There is no shortage of studies that fall into categorey 1. You can buy many or most of them here on Amazon. They are worse than useless, though, because they are designed to use as much evidence as possible to put Mormonism in a bad light. They are not very choosy about their sources, they ignore positive evidence and stories, and they follow what might be called Ed Decker's razor-- of competing interpretations of disputed historical fact, the one that make Mormons and Mormonism seem most outlandish must be true.
Category 2 studies are more helpful. These studies are more (sometimes) selective in their choice of sources. The problem with them is their "interpretative" element. They apply a version of Occam's razor to interpreting facts. However, while this sounds good and scientific, it leads inevitably to one conclusion-- Joseph Smith was not a prophet, the Book of Mormon is not true, etc. To see why this is so, consider that Occam's razor provides no real guidance as to how one goes about deciding which of the competing explanations of a phenomenon is "simpler." These books use a "secular" version of Occam's razor, where non-religious explanations are always more likely to be true, because they are "simpler" in some sense.
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100 of 129 people found the following review helpful By Steve Jackson on March 16, 2002
Format: Hardcover
The Book of Mormon is a curious work. Jos. Smith, Jr., founder of the Mormon movement (whose largest branch is the Church of Jesus Christ of Latter-day Saints in Utah), claimed to receive it by divine revelation. It professes to be the history of ancient inhabitants of the Americas, who came to the New World centuries before Christ.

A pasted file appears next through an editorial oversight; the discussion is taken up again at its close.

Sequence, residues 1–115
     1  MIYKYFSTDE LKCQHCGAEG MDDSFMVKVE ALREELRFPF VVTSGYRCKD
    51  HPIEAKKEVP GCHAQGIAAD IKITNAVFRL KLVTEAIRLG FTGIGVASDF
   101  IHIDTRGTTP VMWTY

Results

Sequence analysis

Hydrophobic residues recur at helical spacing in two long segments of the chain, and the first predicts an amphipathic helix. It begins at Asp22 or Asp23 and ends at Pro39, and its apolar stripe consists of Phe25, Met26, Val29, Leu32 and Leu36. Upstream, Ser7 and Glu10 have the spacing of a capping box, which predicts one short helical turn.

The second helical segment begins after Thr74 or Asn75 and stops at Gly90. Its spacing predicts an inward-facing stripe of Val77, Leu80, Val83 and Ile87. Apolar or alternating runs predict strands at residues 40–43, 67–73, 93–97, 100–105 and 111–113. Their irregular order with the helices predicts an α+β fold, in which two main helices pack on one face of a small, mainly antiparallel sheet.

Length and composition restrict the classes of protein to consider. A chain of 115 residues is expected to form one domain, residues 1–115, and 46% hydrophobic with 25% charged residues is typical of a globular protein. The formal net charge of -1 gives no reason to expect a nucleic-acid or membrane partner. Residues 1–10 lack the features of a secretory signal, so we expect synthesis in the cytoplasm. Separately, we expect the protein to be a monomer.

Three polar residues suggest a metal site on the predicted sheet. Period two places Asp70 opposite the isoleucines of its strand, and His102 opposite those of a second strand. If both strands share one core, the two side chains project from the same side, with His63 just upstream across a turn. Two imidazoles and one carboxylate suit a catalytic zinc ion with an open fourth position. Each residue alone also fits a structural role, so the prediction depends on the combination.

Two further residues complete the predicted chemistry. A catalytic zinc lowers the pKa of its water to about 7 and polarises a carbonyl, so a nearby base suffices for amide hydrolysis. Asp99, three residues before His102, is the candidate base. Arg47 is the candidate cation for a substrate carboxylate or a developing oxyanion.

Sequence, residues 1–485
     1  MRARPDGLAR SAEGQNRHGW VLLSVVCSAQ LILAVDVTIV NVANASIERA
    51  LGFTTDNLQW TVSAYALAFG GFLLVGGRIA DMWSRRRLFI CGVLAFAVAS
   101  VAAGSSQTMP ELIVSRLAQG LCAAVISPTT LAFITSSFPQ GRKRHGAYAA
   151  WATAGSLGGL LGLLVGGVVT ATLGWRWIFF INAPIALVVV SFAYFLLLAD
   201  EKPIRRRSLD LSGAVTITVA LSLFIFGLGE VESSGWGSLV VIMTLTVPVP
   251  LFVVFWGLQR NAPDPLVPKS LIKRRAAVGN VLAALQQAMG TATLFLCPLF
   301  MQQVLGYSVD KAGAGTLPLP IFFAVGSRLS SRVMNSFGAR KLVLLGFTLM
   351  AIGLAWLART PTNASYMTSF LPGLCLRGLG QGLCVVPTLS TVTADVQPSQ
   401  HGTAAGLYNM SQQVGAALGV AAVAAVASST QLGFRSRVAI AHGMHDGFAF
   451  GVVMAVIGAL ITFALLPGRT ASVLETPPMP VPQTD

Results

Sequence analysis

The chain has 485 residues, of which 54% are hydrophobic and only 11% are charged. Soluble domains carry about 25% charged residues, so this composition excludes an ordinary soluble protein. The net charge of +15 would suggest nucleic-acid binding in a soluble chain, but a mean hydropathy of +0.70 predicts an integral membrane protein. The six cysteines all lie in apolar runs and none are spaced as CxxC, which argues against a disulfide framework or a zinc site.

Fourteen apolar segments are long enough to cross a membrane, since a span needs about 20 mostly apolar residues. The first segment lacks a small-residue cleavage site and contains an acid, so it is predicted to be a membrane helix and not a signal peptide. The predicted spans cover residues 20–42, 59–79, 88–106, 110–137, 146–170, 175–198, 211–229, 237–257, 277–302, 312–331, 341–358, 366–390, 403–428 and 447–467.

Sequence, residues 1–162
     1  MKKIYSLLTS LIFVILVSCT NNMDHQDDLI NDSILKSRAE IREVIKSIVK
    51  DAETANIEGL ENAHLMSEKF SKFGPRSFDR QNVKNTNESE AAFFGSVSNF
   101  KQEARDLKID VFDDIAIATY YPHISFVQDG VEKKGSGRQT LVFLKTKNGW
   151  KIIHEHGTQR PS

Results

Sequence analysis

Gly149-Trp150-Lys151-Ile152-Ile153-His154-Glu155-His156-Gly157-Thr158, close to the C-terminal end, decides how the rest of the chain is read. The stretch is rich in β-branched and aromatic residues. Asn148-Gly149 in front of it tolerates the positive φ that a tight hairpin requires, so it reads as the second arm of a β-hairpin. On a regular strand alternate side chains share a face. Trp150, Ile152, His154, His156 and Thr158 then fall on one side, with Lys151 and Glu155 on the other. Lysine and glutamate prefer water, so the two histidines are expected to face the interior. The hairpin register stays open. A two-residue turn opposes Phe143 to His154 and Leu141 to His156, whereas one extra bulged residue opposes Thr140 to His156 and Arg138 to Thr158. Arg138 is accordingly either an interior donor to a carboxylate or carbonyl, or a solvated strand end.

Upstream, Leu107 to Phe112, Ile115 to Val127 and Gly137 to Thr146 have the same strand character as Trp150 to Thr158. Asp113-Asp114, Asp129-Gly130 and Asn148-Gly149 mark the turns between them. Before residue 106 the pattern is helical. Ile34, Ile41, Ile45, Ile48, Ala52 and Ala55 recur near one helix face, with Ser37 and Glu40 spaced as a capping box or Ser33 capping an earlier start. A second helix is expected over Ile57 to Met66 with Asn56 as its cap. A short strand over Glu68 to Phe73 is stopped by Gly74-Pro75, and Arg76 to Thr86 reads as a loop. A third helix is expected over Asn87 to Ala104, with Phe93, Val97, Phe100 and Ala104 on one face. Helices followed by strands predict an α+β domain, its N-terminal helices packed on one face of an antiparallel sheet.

Upon first blush, the Book of Mormon seems to be little more than a pale imitation of the Bible written in exaggerated King James English (by the time your done with it, you won't want to hear the phrase "and it came to pass" again). Nonetheless, the book is quite complicated and appears unlikely to be the work of the generally unlettered Jos. Smith. What is most interesting about the Book is its complex nature. Opponents of the Book have had a hard time finding internal inconsistencies in it, although it has a fair number of anachronisms.
Although the LDS Church has produced competent apologists (such as the brilliant B.H. Roberts), the age of modern Mormons apologetics began with Hugh Nibley and has continued to the present with scholars associated with FARMS, now part of BYU. For example, while Jos. Smith believed that the events narrated in the Book of Mormon concerned the territory covered by North and South America, contemporary Mormon scholarship asserts that its events took place in a relatively small area of Central America. There is no archaeological evidence to support the authenticity of the Book, but it does appear to have numerous parallels to ancient Middle Eastern works.
Prof. Givens, who is professor of English at the University of Richmond, has written a comprehensive book about the Book of Mormon.